Prayers for the Gulf Coast
It's easy to become overwhelmed by the constant news coverage of the oil crisis in the Gulf. Personally, I really do care about the people and environment affected there but I feel like once I've seen five minutes of coverage, I've learned all I'm going to learn from traditional media sources. This is not because there are not worthwhile stories or unique perspectives on the crisis. Instead, it seems nearly all media are content to fill even their 24 hour news channels with the same five minutes of repetition (or commentary on what was repeated).
Even more frustrating, many news outlets now repeat what people are writing on the station's Facebook page or Twitter feed. While I appreciate that the opinion of 'mrchad242 from Nebraska' is highly valued, I'm just not sure what "BP SHOULD PAY!!!" really contributes to the national conversation.
By way of contrast, the Episcopal Diocese of the Central Gulf Coast has set up a few simple webpages that link to relevant, often local resources. These include news, multimedia, daily situation updates, blogs/websites, state resources, and BP information. Also included are notes from Bishop Duncan, comments from the Presiding Bishop, and prayer resources from the Eco-Justice Office of the National Council of Churches. In addition, there are additional prayers from the Episcopal Church, some written specifically for this crisis.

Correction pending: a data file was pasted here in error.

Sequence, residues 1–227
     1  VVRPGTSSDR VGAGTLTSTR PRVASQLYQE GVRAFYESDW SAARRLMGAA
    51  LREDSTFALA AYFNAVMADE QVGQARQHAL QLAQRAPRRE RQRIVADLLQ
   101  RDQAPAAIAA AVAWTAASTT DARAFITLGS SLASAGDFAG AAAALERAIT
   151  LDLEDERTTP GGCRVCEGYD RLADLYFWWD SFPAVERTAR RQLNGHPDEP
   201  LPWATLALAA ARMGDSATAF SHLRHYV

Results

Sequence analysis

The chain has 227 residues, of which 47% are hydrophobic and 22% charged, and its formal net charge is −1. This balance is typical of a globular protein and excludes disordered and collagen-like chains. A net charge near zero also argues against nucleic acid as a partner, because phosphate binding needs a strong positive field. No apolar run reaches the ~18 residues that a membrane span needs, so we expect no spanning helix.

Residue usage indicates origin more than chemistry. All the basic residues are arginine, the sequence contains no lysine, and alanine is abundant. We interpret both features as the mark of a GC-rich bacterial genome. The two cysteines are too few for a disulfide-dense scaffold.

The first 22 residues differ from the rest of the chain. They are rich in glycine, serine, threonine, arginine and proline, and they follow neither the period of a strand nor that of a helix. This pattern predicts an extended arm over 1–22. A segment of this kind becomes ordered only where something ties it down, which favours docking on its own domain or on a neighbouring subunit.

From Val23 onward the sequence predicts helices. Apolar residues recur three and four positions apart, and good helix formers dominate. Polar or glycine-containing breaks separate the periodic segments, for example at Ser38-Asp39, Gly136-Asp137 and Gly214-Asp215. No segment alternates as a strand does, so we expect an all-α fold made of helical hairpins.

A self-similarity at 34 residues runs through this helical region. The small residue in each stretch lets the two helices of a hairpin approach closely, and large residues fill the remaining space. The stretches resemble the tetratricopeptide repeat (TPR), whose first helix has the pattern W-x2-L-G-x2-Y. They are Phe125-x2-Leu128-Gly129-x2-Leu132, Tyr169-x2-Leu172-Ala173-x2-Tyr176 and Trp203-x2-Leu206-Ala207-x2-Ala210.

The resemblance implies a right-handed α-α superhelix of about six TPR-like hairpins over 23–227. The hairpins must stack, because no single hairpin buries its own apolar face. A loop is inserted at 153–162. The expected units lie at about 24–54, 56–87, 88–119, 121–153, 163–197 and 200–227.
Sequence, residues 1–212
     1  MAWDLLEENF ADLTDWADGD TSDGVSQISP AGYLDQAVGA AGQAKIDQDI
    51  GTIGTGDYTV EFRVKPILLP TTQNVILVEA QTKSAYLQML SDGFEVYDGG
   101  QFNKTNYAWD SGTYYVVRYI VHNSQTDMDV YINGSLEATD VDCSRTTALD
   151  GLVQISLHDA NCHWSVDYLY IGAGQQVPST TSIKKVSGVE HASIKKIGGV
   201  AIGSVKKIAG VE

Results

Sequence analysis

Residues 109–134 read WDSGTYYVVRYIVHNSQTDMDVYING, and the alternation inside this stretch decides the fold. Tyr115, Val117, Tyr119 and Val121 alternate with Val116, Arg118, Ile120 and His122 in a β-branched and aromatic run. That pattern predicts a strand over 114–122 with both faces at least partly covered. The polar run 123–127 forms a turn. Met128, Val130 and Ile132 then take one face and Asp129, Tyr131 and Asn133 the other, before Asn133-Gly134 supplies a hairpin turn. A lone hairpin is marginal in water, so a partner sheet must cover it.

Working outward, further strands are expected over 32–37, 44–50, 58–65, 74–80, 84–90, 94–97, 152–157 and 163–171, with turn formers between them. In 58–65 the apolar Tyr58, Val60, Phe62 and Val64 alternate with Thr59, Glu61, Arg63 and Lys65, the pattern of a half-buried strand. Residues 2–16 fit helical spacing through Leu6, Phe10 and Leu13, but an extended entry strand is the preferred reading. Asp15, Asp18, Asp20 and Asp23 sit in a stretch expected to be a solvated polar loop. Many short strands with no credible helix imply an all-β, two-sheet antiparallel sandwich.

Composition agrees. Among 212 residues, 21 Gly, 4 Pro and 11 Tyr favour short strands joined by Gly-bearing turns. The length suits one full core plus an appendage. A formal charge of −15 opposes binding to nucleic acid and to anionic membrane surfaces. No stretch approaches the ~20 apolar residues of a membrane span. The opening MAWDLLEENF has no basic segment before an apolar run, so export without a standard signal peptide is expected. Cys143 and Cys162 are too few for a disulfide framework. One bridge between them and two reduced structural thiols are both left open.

I'm glad to see the diocese providing these valuable resources. The links include raw data that often tells the story or provides more information than many of the news outlets currently covering this disaster.
Please keep those affected by the disaster in the Gulf in your prayers. The Episcopal Diocese of the Central Gulf Coast has these excellent resources to help you stay informed:
- Prayers for the oil crisis in the Gulf of Mexico
- Gulf of Mexico oil spill updates and cleanup information
- Notes from Bishop Duncan
- The Presiding Bishop: A Lesson from the Gulf Oil Spill
- Prayer Resource from the Eco-Justice office of the National Council of Churches
Please feel free to share additional worthwhile resources in the comments section.
Matthew Ellis serves as executive director of National Episcopal Health Ministries.